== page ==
The Areng Valley in Cambodia is threatened by a Chinese-backed dam that will destroy the entire area. A unique tour by an activist NGO gives an inside look at life in the beautiful valley.
Dive shops are a dime a dozen these days in coastal Sihanoukville, Cambodia (of course, the actual price is a lot more than that). The quality – and prices – seems to vary greatly depending on whom you go with, and a number of these companies specialize in fun dives rather than teaching and certification. Scuba Nation, however, specializes in the latter.
One FC made its much-hyped debut in Phnom Penh with its Sept. 12 “Rise of the Kingdom” event. The Singapore-based MMA promotion is the largest in Asia and its arrival to Phnom Penh was meant to symbolize that Cambodia’s arrival on the international martial arts scene. The end result wasn’t as grand as some hoped, but its a promising start that hopefully means One FC will be back to Phnom Penh the future.
Work is almost finished on a four-star hotel near the Royal Palace deemed so offensive – and so illegal – that Phnom Penh authorities demanded it be torn down. The order, given almost a year ago in October 2013, has unsurprisingly gone ignored. Now, the unambitiously named “Okay Boutique Hotel” is set to open on an alleyway behind the Royal University of Fine Arts with 56 rooms, a restaurant and a murky backstory involving the highest levels of Cambodia’s government.
About ten kilomers up the western bank of the Kampot river from the town is a shabby zoo that looks like it’s fallen on hard times once again. Despite being featuring a variety of A-list animals (lions, tigers, bears, elephants and much more) and a seemingly well-intended staff, the privately-owned Teuk Chhou Zoo is in need of some overhauls. This isn’t the first time the zoo has faced problems.
Koh Kong, just ten kilometers from the Thai-Cambodia border, is something of a pitstop to travelers heading east to Sihanoukville or west to the Thai island of Koh Kong. It’s less known as an actual tourist destination, but it’s a nice waterfront town with some unique outdoors attractions that can be reached by bicycle.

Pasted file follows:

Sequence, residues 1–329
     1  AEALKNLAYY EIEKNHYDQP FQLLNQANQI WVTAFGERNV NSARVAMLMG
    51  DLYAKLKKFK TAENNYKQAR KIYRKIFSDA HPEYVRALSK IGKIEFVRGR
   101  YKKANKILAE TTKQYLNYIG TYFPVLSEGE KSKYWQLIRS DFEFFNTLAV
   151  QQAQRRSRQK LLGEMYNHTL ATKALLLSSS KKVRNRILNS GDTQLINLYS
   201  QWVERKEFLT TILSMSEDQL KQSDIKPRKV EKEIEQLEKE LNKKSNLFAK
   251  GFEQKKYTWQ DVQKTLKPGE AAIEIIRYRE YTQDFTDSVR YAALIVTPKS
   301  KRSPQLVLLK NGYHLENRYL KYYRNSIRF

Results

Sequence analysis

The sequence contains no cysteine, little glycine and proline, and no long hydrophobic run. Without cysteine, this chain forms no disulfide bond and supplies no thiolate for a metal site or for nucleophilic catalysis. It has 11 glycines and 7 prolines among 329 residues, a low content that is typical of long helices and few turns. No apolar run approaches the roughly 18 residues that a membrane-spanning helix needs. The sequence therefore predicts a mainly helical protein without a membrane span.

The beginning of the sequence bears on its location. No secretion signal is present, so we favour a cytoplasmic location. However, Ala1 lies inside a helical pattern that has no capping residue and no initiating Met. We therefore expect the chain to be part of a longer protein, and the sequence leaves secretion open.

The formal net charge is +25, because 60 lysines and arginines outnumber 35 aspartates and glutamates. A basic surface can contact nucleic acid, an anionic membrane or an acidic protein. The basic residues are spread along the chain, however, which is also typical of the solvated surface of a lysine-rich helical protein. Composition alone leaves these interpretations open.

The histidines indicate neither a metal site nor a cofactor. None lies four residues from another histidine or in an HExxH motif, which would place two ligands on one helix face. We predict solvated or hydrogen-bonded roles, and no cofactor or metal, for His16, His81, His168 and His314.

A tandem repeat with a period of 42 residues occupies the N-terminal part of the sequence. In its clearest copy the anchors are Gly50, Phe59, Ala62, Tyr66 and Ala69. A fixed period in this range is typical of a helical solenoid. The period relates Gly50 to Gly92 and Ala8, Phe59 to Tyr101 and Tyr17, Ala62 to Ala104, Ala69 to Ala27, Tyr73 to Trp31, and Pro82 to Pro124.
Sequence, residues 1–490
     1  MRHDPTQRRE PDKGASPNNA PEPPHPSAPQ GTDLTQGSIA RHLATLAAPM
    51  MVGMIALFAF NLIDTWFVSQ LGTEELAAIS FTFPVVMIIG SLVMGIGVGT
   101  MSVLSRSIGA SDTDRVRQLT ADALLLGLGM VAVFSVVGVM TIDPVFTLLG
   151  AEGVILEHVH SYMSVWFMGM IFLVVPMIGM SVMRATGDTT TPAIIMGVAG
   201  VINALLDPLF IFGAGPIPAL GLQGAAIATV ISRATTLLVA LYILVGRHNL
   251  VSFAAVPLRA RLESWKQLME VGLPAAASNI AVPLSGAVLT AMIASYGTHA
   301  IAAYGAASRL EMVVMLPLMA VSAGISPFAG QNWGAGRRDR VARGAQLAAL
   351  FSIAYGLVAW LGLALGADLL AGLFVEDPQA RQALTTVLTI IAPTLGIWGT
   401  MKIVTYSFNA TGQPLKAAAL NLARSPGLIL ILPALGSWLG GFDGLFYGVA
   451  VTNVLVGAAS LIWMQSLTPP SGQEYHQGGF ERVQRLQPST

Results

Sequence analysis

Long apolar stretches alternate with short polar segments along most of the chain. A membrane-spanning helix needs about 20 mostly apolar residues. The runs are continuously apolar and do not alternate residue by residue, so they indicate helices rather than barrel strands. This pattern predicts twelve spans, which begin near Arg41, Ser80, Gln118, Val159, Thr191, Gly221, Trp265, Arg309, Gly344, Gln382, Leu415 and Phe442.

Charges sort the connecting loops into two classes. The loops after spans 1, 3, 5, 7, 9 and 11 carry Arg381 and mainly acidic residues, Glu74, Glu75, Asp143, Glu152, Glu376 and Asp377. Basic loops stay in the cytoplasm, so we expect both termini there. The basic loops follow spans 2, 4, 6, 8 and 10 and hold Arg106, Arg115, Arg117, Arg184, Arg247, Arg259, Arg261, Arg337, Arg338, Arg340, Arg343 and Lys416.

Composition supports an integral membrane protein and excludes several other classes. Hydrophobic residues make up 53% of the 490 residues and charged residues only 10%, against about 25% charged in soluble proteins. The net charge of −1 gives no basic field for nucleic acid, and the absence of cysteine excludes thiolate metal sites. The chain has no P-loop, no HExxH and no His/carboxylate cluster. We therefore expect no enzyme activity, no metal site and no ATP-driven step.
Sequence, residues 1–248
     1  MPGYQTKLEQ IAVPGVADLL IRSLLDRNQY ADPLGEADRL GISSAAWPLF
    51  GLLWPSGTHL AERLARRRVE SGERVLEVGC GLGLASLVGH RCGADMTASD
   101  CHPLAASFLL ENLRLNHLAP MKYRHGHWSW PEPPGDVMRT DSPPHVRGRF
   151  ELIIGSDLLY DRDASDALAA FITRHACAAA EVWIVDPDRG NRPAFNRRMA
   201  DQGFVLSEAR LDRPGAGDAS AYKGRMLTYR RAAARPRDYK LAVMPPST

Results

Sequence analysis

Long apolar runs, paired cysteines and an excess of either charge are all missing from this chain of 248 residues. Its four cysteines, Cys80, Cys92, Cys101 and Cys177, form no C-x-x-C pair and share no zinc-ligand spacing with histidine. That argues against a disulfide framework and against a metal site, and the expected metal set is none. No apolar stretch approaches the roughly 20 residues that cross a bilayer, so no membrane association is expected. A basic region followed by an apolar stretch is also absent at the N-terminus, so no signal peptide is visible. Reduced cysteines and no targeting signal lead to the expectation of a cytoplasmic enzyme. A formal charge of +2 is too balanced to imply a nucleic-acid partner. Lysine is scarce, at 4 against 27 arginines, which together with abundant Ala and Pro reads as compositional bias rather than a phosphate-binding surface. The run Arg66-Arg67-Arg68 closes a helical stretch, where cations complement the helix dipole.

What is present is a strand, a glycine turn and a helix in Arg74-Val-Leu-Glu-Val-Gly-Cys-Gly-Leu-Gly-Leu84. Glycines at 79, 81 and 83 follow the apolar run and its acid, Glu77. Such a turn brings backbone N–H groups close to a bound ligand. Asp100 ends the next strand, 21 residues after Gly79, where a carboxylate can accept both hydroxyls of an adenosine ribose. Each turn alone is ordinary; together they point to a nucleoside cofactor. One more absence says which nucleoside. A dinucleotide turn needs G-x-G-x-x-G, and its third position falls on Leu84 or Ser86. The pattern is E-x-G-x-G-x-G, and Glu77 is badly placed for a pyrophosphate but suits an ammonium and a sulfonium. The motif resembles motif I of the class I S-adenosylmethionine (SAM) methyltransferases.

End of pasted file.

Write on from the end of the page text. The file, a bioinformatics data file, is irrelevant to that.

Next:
Kampong Cham is typically a short stopover for people coming or going to Ratanakiri, Mondulkiri or Laos. There’s isn’t a whole lot to do in this provincial capital about 3 hours from Phnom Penh, but’s it’s a pleasant stay with a massive riverfront area, crumbling colonial architecture, and plenty of attractions just out of town. Here are some of my favorite sites from the two separate weekends I’ve spent in Kampong Cham.
The 140 kilometer stretch of National Highway 7 between Phnom Penh and Kampong Cham is in dire shape regardless of what vehicle you’re on. Going by bicycle is especially tough, with unpaved roads, unmarked lanes and an endless cloud of red dust. Fortunately, the backroads between the two cities are in much better shape and a scenic alternative to the monotony of the highway. Best of all, the entire journey is “only” 100 kilometers and completely flat.
The beautiful Preah Vihear temple complex is – or at least was – ground zero for a pissing match between Cambodia and Thailand. Both countries claimed ownership 10th-century ruins, as the temple rests on the border of the two nations and ownership has already swapped in the past. The debate was the perfect excuse for both countries to exploit nationalism in an attempt to appeal to their own people. Considering the beauty of the mountain temple and the stunning views it provides, it’s no wonder the countries would bicker over who gets to own such a historic site. Read more
Border casinos are a dime a dozen in Cambodia thanks to gambling bans in neighboring Vietnam and Thailand. Some of these casinos gaudy, while others look shady and host cockfighting matches. Out of the many casinos I’ve seen at several borders, none were quite as grand as the plainly-named Koh Kong Resort in the no-mans land between Koh Kong and Hat Lek on the Gulf of Thailand. Rooms range from $50 to $1,900 and the intended clientele is Thai. All the prices are in Thai baht, after all.